by Kimberly Allen RN
Fall is upon us with winter closing in and the kids are back in school. Soon the kids will be bringing home more than homework. The common cold is the most common viral infection in the world. It affects everyone, young and old alike worldwide. Adults will usually have anywhere from 2-5 colds a year where as school children tend to have as many as 12 colds a year.
In the US there are 75-100 million visits to the Drs office for colds costing over $7 1/2 billion. In addition to that Americans are spending almost $3 million on over the counter medications and another $400 million on prescription medications to relieve the common cold. In addition to the high financial cost of the common cold children miss approximately 180 million school days causing parent to miss approximately 126 million workdays in order to stay home and care for their children that are home suffering from the common cold. Then you add the employees that miss 150 million workdays because they have a cold and the economic cost is significant, $20 billion a year accounting for 40% of the lost work due to illness every year in the US. That’s for only one of the common illnesses that comes with winter.
The common cold is a highly contagious viral infection. There are over 200 viruses that are known to cause the common cold, the most common being the rhino viruses causing 30%-35% of adult colds. Other common culprits include the adenoviruses, corona virus and the para influenza virus and that’s only a small portion of the viruses that can cause a common cold. This is the main reason colds are such a recurring problem. There’s just no way your body can build a resistance to all of them.
These viruses usually affect the areas in the upper respiratory tract, ie your mouth, nose and throat, which leads to the typical symptoms of the common cold like the sore throat, runny nose, nasal congestion and cough. What makes the common cold so contagious is how easily and quickly it spreads, especially in children. all you have to do is touch something that has been either touched by someone that already has a cold or someone coughed or sneezed and droplets landed on it. Things like toys, door knobs and faucets are commonly touched objects especially in public places. The viruses that cause the common cold can live almost anywhere including pens, telephones, computers, especially the keyboard and mouse as well as books for several hours making it possible to become infected hours after the object was contaminated.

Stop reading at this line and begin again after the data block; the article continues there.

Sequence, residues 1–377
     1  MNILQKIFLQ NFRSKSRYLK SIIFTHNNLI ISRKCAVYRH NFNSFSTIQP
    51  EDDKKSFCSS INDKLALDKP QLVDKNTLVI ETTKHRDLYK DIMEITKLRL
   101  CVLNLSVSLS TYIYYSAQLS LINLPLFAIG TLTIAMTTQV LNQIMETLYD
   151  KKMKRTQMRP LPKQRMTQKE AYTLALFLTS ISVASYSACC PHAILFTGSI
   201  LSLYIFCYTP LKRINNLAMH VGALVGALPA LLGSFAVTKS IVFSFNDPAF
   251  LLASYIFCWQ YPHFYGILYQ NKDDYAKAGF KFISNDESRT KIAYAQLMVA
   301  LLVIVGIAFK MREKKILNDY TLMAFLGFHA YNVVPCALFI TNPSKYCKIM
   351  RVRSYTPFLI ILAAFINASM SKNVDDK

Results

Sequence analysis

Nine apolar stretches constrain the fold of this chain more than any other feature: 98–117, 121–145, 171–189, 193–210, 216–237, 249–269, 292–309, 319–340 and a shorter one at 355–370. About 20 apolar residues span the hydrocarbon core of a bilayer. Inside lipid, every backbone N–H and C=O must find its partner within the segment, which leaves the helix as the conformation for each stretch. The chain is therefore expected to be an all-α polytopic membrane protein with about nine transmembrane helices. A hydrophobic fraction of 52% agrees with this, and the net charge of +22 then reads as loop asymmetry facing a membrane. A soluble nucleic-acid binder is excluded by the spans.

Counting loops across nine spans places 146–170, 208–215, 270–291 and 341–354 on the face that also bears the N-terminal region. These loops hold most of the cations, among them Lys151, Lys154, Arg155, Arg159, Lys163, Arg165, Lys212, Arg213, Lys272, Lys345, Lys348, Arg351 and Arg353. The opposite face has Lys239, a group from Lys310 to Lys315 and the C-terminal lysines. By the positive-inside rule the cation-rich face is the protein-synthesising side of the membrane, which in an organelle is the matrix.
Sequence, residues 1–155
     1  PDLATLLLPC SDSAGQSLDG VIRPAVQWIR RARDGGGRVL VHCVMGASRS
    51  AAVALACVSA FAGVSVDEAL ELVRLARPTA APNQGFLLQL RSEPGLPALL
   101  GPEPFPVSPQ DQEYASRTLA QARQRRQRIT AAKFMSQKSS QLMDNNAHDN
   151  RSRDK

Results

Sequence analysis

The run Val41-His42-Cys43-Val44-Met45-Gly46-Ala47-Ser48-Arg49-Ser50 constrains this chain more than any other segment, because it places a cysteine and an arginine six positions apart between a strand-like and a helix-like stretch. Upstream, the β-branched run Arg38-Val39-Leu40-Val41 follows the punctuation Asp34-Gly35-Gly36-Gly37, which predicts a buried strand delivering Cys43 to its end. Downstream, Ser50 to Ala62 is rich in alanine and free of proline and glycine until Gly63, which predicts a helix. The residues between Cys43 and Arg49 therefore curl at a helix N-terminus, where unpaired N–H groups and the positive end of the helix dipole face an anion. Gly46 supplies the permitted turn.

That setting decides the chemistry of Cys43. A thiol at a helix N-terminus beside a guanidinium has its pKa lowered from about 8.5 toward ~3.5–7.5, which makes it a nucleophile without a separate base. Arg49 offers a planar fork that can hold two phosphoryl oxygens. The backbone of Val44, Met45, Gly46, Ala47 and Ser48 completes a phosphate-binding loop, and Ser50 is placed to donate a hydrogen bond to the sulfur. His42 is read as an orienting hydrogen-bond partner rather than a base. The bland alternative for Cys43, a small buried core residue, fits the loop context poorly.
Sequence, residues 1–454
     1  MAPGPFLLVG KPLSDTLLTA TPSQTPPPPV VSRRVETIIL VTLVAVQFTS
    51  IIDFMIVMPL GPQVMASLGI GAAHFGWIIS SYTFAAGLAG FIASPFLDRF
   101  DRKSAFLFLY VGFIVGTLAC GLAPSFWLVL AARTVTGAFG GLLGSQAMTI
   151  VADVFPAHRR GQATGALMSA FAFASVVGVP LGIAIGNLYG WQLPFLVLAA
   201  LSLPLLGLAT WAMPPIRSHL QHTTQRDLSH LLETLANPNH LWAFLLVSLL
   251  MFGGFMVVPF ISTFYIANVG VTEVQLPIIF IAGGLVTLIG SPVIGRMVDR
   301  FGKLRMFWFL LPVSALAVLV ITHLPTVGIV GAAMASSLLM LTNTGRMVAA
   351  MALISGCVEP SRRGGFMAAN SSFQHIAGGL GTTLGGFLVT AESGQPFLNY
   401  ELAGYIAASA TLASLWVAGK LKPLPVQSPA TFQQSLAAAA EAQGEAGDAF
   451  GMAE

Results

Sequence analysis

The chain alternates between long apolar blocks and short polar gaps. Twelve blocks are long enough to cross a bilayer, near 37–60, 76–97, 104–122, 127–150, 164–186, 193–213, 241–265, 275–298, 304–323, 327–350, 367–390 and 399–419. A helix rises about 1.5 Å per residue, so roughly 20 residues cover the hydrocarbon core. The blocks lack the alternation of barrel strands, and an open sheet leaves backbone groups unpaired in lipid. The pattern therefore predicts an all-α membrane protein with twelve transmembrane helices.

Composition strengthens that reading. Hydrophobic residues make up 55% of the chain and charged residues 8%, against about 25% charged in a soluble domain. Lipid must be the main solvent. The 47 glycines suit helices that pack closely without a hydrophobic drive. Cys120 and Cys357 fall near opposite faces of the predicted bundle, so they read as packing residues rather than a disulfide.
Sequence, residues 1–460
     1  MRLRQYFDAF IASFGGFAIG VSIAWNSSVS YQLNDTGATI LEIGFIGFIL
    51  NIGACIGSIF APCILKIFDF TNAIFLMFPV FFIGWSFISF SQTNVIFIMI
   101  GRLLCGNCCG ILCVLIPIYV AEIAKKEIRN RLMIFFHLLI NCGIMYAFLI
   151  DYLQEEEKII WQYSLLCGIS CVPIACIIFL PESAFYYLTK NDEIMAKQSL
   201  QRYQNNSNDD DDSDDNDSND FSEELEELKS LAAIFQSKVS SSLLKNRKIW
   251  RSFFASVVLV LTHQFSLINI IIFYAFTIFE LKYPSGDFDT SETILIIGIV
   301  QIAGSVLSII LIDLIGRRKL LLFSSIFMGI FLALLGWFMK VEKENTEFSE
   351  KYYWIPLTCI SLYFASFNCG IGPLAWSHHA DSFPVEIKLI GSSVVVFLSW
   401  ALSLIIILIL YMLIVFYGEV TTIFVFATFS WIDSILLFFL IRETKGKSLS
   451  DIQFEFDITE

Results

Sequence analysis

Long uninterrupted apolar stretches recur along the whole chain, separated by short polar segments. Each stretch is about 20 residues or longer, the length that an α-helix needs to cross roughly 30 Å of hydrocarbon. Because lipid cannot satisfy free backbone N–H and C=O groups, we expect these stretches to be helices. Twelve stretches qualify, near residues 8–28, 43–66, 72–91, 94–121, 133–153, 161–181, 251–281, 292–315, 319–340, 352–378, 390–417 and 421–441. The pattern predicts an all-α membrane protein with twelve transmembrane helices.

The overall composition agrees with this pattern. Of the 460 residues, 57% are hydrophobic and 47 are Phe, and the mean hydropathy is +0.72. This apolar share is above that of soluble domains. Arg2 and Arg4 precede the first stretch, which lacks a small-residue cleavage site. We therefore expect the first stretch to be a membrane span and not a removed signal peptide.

So far there is no “cure” for the common cold, mostly because there are too many viruses that can cause it and antibiotics will not help because a cold is a viral infection not a bacterial one. However, there are medications available that can speed your recovery. There are also numerous over the counter medications like acetaminophen and nasal decongestants that can help relieve the symptoms of a common cold. However, the American Academy of Pediatrics and the FDA strongly recommend that children under the age of 2 not be given over the counter cold medicines. There are also a variety of herbs and supplements that are popular for relieving cold symptoms the most common being vitamin C, others also feel that echinacea also can shorten the life of a cold.
You may not be able to prevent all your colds but there are things you can do to reduce them. Top of the list is practice good handwashing and teach children to do the same. If you have a cold carry tissues and sneeze or cough into the tissue and then dispose of them immediately. If you or your child doesn’t have a tissue then cough or sneeze into the crook of your elbow instead of your hand as your hand can spread the virus much faster than an arm. Keep common areas clean especially counter tops and wash children’s toys frequently. Another important component of preventing colds is strengthening your immune system. The best way to strengthen your immune system is to eat a well balanced diet with fresh fruits and vegetables as well as regular exercise.